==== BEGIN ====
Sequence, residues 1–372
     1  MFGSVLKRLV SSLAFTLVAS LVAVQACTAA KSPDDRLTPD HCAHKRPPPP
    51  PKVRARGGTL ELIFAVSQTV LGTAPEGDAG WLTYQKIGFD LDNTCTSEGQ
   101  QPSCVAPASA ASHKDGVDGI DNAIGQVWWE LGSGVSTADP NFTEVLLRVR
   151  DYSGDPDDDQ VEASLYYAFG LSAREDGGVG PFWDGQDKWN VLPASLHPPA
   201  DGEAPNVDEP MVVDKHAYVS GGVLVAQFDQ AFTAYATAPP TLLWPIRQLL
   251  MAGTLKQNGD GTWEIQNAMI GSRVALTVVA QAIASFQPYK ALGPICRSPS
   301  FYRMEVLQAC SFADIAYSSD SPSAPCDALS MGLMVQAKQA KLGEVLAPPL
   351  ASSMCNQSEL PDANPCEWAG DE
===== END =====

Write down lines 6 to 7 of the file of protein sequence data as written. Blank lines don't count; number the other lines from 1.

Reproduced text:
   201  DGEAPNVDEP MVVDKHAYVS GGVLVAQFDQ AFTAYATAPP TLLWPIRQLL
   251  MAGTLKQNGD GTWEIQNAMI GSRVALTVVA QAIASFQPYK ALGPICRSPS